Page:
The Link Between Periodontal Disease and Brain Diseases

The Link Between Periodontal Disease and Brain Diseases Photo

There is growing evidence of a connection between inflammation in the body and diseases of the brain such as Alzheimer’s, Parkinson’s disease, ALS, and dementia*. There have been recent clinical and epidemiological studies investigating the possible links between periodontal bacteria (that elicit inflammation) and the onset and progression of neurodegenerative diseases.

Periodontal disease is a complex, chronic disease characterized by a bacterial etiology and an inflammatory response. Dental plaque is harbored by many species of bacteria, in an attempt to combat this bacteria, the human body signals an immune response. Many times, however, the immune system fails to remove all of the “bad” bacteria. The inflammation response tends to become chronic. Bleeding gums, inflammation, swelling are all signs of this response to bacteria. Over time gingivitis leads to periodontitis which includes bone loss around the teeth.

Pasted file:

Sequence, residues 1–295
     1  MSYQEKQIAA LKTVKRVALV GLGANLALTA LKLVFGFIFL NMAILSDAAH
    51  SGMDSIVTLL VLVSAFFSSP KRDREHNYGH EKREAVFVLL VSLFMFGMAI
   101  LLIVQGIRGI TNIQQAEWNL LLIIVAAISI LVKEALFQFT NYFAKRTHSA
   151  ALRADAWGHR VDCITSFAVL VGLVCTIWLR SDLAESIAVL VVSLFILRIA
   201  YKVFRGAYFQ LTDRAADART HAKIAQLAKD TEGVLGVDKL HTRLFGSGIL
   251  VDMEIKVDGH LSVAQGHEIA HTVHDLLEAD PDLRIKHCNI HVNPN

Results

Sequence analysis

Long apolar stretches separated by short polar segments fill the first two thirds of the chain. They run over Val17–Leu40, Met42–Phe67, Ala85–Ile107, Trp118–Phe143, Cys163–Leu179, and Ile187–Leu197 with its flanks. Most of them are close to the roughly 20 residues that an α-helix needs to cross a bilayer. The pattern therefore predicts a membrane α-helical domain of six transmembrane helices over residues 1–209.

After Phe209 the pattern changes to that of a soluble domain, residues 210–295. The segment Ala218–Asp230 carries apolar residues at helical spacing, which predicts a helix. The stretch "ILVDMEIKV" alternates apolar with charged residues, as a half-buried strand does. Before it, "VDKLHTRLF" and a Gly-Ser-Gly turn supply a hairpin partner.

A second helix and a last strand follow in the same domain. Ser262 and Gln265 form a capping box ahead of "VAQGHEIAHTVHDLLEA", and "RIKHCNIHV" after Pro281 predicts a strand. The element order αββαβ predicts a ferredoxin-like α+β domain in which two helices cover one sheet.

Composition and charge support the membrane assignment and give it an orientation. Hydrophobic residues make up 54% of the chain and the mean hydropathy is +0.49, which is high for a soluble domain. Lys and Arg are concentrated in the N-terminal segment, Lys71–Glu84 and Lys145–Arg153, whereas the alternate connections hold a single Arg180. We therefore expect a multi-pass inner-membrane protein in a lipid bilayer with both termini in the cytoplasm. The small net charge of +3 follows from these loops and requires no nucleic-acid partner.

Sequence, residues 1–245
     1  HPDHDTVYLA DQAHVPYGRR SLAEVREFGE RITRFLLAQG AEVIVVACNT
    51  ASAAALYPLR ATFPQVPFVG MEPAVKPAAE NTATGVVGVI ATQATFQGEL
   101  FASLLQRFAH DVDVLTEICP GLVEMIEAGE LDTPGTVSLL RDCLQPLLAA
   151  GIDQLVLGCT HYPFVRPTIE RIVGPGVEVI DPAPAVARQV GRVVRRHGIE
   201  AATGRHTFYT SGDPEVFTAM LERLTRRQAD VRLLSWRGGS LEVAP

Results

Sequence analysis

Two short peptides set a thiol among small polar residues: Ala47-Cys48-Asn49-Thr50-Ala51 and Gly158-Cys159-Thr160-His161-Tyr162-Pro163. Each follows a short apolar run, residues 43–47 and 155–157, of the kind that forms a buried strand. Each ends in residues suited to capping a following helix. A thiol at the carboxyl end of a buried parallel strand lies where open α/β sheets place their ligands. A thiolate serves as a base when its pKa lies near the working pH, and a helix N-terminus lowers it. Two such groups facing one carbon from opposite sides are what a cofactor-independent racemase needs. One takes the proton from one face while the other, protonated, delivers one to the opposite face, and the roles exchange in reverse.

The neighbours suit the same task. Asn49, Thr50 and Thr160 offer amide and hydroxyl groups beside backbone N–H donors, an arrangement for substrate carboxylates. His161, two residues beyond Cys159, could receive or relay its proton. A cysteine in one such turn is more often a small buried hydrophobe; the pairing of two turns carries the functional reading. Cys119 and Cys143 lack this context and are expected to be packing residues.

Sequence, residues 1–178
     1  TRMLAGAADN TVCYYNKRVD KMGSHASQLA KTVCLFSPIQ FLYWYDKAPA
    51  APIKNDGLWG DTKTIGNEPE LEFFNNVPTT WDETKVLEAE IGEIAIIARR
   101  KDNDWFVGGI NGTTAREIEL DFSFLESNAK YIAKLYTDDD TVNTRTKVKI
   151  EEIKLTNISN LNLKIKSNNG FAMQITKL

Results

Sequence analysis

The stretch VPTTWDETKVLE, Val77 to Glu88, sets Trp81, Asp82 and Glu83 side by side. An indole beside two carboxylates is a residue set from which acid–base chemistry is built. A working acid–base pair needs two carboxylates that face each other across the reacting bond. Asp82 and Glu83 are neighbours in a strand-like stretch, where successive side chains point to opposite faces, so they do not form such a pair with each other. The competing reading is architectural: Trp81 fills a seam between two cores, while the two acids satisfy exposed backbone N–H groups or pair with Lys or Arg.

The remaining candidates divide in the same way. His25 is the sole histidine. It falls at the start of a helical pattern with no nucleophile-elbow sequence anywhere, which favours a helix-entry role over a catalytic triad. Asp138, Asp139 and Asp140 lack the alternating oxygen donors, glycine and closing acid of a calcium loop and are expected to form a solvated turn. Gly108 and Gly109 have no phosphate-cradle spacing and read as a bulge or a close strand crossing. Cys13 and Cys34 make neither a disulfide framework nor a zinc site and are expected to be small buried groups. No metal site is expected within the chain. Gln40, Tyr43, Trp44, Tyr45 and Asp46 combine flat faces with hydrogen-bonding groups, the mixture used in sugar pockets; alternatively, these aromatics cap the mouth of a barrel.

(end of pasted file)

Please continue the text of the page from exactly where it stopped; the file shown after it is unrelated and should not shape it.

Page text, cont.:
Neurodegenerative diseases affect 50% of elderly patients. Age and heredity are two key risk factors for these diseases, another is the presence of amyloid proteins. This protein may be caused by inflammation produced by periodontitis.

So what’s in common?

Two periodontitis-related mechanisms related to brain diseases are inflammation and bacteria.

In the process of inflammation, signal proteins are released into the blood. These proteins reach the brain via systemic circulation and by following the nervous system. These proteins can amplify a reaction favoring brain disease progression. The bacteria themselves that cause periodontitis have been found to invade the central nervous system (the brain), some cause the creation of amyloid. There is a statistically significant relationship between the main bacteria involved with periodontal disease, P. gingivalis, and dementia.

Clinical evidence showing a direct connection between periodontitis and brain diseases has not been obtained. Nevertheless, there is indirect evidence. It is recommended that a preventative approach related to known risk factors of periodontal disease (poor oral hygiene, smoking, diabetes) be addressed. A treatment that helps to eradicate the bacteria that cause periodontal disease would be a sound approach. Treatment of periodontal disease could mean a more efficient management of the patient and consequently a better quality of life.

*The Role of Peridontitis and Periodontal Bacteria in the Onset and Progression of Alzheimer’s Disease: A Systematic Review

Dioguardi et al J. Clin. Med 2020, 9(2), 495

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